Since being launched in 1973 the 131-foot schooner Harvey Gamage has put more than 100,000 miles under her keel. In that time the stout schooner, named for the builder of the same name, has survived everything the sea has thrown in her way, while upholding exacting standards of seamanship and professionalism. There are many a captain today who began as a deck hand aboard Gamage. The ship has served as both elementary and finishing school to a generation of sailors.
From the beginning Harvey Gamage, under the guidance of Eben Whitcomb, kept the flame of celestial navigation burning brightly. On long ocean passages, from the East Coast to Bermuda, and then on to the Caribbean, Capt. Whitcomb patiently unraveled the mysteries of the celestial triangle to passengers and crew alike. In the mid 1990s when Whitcomb sold the vessel to the Ocean Classroom Foundation (www.oceanclassroom.org) the navigation program became a part of a much larger educational component of studying for a semester at sea.
The Ocean Classroom Foundation states in its mission statement that it uses “the power of the sea to help students attain academic excellence, personal growth, and to encourage stewardship of the ocean world.” As well as Harvey Gamage, Ocean Classroom also operates the schooner Spirit of Massachusetts and the staysail schooner Westward.
Programs aboard these vessels are designed for both high school and college students and are fully accredited in subjects as diverse as marine science, maritime history, maritime literature, creative writing, mathematics and navigation. For those fortunate enough to secure a berth aboard for these programs, the semester at sea can provide a window into the world far beyond anything they would have ordinarily experienced had they stayed at home.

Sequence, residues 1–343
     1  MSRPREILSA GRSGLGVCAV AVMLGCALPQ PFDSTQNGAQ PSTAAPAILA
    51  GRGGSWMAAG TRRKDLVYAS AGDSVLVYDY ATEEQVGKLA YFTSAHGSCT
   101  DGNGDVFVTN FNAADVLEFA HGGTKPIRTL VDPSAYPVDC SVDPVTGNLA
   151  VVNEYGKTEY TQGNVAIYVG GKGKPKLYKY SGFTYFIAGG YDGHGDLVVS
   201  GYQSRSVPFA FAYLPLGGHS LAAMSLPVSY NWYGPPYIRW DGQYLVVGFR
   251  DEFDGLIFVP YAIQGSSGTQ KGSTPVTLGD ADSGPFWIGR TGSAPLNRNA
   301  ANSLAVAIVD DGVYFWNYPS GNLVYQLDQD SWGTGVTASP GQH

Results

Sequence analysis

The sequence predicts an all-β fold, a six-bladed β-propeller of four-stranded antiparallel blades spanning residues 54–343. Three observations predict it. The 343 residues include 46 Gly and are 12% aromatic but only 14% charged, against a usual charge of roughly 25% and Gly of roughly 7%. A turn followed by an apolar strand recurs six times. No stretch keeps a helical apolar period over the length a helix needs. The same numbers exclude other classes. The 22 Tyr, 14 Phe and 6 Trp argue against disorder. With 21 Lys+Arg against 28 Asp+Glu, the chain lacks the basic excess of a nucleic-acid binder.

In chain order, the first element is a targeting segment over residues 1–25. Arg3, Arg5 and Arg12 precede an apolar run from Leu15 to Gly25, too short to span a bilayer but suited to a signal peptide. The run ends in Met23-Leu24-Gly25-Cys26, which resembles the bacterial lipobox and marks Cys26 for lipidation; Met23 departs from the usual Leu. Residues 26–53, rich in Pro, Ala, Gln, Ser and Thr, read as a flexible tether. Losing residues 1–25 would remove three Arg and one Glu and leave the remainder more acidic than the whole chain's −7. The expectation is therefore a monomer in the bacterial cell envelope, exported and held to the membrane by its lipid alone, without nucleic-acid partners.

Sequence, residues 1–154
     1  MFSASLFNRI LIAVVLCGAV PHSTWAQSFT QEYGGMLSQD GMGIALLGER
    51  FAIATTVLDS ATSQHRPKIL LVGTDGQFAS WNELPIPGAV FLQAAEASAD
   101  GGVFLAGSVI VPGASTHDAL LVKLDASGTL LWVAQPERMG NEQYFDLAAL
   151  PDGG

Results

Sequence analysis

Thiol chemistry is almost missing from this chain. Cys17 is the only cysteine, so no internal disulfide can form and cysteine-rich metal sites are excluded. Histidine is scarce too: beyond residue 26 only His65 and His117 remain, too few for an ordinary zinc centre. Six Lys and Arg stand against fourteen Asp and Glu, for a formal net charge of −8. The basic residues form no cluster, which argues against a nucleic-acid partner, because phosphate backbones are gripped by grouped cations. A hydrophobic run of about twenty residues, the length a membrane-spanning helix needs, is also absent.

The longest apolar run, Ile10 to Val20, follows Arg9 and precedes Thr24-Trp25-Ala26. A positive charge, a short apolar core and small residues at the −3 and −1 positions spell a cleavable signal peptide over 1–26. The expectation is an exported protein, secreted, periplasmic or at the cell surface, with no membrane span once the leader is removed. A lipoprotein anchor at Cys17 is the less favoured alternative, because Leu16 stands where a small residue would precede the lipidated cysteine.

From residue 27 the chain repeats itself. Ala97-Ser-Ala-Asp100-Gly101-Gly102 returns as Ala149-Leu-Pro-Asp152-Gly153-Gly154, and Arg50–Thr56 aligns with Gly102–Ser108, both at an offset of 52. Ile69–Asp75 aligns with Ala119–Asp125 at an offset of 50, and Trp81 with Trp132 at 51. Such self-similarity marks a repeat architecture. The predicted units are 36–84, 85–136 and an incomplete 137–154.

A recent program had 13 students joining Gamage in St. Thomas in February. From there, under the leadership of Capt. Christopher Flansburg, eight professional crew and three educators, the students sailed the British Virgin Islands, then to Nevis, Guadeloupe and Bequia. They helped to build a house in Honduras and sailed from Belize through to Florida. They learned to appreciate Matouk in Trinidad, identified phytoplankton recovered from plankton trawls, discovered Jack London and read Conrad aloud. They also learned and practiced celestial navigation.
Using the boat’s own celestial navigation manual, Capt. Flansburg would explain the concepts of declination and the celestial triangle to the students and they would go off to take their sights. The response to learning celestial navigation drew a collective “It’s cool,” response from the youngsters and left one with the feeling that there is a whole new generation of star finders who will keep the traditions alive.
On passage north on May 12, 2010, 16-year-old Abi Campbell took a noon sight. She shot the lower limb of the sun at 1658 GMT. The height of eye was 10 feet and the index error was 5.6 minutes off. Her Hs was 72° 59.7’ and the DR at the time of the sight was 34° 54’ N by 75° 13’ W.
Find the latitude at LAN. (See answer below)
Latitude is 34° 56.1’ N